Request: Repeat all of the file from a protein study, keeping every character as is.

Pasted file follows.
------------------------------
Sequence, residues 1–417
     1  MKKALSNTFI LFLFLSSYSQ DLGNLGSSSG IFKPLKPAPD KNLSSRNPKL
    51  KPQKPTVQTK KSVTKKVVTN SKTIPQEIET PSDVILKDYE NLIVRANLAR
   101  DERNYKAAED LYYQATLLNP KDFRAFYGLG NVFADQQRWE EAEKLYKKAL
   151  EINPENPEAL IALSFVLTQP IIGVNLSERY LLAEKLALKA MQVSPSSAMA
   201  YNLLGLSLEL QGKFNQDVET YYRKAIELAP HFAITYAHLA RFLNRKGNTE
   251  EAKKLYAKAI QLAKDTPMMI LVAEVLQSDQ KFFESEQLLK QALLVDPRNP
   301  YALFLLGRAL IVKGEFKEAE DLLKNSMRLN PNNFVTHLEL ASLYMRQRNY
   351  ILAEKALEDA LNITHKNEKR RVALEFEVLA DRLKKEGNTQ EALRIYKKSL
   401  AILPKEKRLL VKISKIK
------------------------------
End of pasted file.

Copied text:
Sequence, residues 1–417
     1  MKKALSNTFI LFLFLSSYSQ DLGNLGSSSG IFKPLKPAPD KNLSSRNPKL
    51  KPQKPTVQTK KSVTKKVVTN SKTIPQEIET PSDVILKDYE NLIVRANLAR
   101  DERNYKAAED LYYQATLLNP KDFRAFYGLG NVFADQQRWE EAEKLYKKAL
   151  EINPENPEAL IALSFVLTQP IIGVNLSERY LLAEKLALKA MQVSPSSAMA
   201  YNLLGLSLEL QGKFNQDVET YYRKAIELAP HFAITYAHLA RFLNRKGNTE
   251  EAKKLYAKAI QLAKDTPMMI LVAEVLQSDQ KFFESEQLLK QALLVDPRNP
   301  YALFLLGRAL IVKGEFKEAE DLLKNSMRLN PNNFVTHLEL ASLYMRQRNY
   351  ILAEKALEDA LNITHKNEKR RVALEFEVLA DRLKKEGNTQ EALRIYKKSL
   401  AILPKEKRLL VKISKIK